Thematically, Bruner touches on subjects that are just as wide-ranging. He veers from wondering what it’d be like to be a cat like his own to leaving your wallet in the club, heartbreak, and, on the shimmering, uplifting Bus in These Streets, contemplating our increasing attachment to technology. "It’s a bit of a utopia but also a bit dystopian," he muses on the latter. "You can have a great world, you can live in your little bubble, you can do make-up all day and watch this that or the third, or you can try and use it to destroy another country, like we see our President doing!" he laughs. He concludes that it wouldn’t hurt to log off occasionally: "You don’t need to be bombarded with everyone else’s bullshit, you can just deal with your own. That’s a lot by itself!"
It is a lot, and indeed Bus in These Streets is just the tip of the iceberg when it comes to the social and political commentary on Drunk, an album that often delves into the US’s racial tensions. "The things that we’re experiencing politically, you can see it! It’s everything that’s causing a divide and when you’re sitting you can’t help but observe it," he says. "There’s no way it can’t translate into your day-to-day processing." Indeed, for Bruner – having grown up in Los Angeles, attending a high school built on the site where the city’s 1965 riots started – it’s an issue that’s embedded into his psyche. "Even if it’s not outright, it’s internal. You have an eternal struggle," he explains.
On one of Drunk's most soul-searching tracks, The Turn Down, guest vocalist Pharrell Williams states: 'Black, white, gay, straight human beings all pee and want some ass'. It’s a line that draws stark attention to the fact that humans are the same at a fundamental, biological level, something Bruner wholeheartedly believes in. "I’m still walking and breathing. As a person, that’s what qualifies you to be a human," he states. "I don’t have to be told that I’m a human, I know I’m a human. I can take a shit, all I gotta do is go to the toilet; I get boners, I watch cartoons, I eat food. It’s the literal consistency of what it means to be human. A lot of the time I think people lose sight of that." Rightly, he’s entirely sure of his own sense of self-worth: "I don’t need to be told that I’m less than anything else. I know I’m not."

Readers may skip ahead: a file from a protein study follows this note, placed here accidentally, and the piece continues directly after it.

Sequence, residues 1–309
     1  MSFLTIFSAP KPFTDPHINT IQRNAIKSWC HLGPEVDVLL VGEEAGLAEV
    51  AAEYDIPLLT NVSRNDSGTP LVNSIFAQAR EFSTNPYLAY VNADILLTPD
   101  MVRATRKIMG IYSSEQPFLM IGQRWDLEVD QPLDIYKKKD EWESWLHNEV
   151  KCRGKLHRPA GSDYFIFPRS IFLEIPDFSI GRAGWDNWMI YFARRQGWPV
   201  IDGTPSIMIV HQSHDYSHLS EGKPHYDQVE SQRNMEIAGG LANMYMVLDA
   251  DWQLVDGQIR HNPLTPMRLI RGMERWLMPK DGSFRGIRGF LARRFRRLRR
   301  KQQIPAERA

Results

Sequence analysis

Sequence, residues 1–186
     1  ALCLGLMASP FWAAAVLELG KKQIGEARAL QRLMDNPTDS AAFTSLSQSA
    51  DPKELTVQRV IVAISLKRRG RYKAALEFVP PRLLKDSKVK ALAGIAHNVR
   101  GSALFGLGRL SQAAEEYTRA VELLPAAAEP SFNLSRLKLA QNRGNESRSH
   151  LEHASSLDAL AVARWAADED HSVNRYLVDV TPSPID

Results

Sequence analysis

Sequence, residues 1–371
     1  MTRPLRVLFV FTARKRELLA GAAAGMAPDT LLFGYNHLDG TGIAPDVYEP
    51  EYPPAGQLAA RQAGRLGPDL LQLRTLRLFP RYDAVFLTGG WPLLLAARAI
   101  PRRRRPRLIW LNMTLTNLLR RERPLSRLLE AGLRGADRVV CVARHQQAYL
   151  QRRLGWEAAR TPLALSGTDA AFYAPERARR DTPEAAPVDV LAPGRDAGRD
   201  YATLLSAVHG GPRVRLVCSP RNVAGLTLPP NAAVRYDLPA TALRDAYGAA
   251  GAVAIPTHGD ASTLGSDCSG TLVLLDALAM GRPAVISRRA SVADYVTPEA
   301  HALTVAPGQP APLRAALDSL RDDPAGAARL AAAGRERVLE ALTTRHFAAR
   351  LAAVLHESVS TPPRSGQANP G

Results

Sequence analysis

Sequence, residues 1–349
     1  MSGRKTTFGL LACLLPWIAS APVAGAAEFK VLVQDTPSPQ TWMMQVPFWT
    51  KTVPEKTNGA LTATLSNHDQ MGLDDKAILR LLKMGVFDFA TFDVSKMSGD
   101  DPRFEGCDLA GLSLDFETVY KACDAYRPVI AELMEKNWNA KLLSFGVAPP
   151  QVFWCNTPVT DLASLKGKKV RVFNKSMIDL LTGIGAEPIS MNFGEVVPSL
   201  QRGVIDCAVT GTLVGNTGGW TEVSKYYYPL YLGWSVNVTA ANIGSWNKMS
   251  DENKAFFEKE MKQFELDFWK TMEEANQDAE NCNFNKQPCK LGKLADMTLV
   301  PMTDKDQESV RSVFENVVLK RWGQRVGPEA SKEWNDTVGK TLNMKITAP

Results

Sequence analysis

While it sometimes has its contemplative moments though, like Bruner himself, Drunk is also often a funny record, interwoven with wit. For him, humour is another way of telling a truthful, insightful story. "They have that saying: the truth is told in jest," he comments. Sometimes, he weaves his humour and playfulness alongside his social commentaries, the shiny, synth-led Jameel’s Space Ride forming a perfect example. In it, Bruner just wants to ride his bike ('Although it seems like it’s all crashing down'), but worries that the police might harass him purely because of his skin colour. "As silly as that lyric is, it’s meant to be still a bit serious. Like, 'Yeah, it is 'cause you’re black', absolutely it’s 'cause you’re black!" he laughs.
He finds something absurdist in the nature of racism, something that can be laughed at. "It’s not a thing of being rich or poor, it’s just a thing that it’s funny! It’s very funny. If you watch National Geographic and you watch hippos having sex, that’s pretty funny," he chuckles. "It’s the same to me."
Since it was released in February, Drunk has received much critical acclaim, and Bruner’s still taking it all in. "I never would have thought that this was something that would happen," he says. "It’s far away from just playing bass for people and every day there’s a different surprise, something new." Although he’s still processing the reception to Drunk, he’s already looking ahead to his next project, ready to explore even more avenues. "I’m really excited about being able to record again, throwing stuff out there and feeling different feels," he says. "I’m excited for whatever’s coming next."
Drunk is out now via Brainfeeder
Thundercat plays O2 ABC, Glasgow, 14 Nov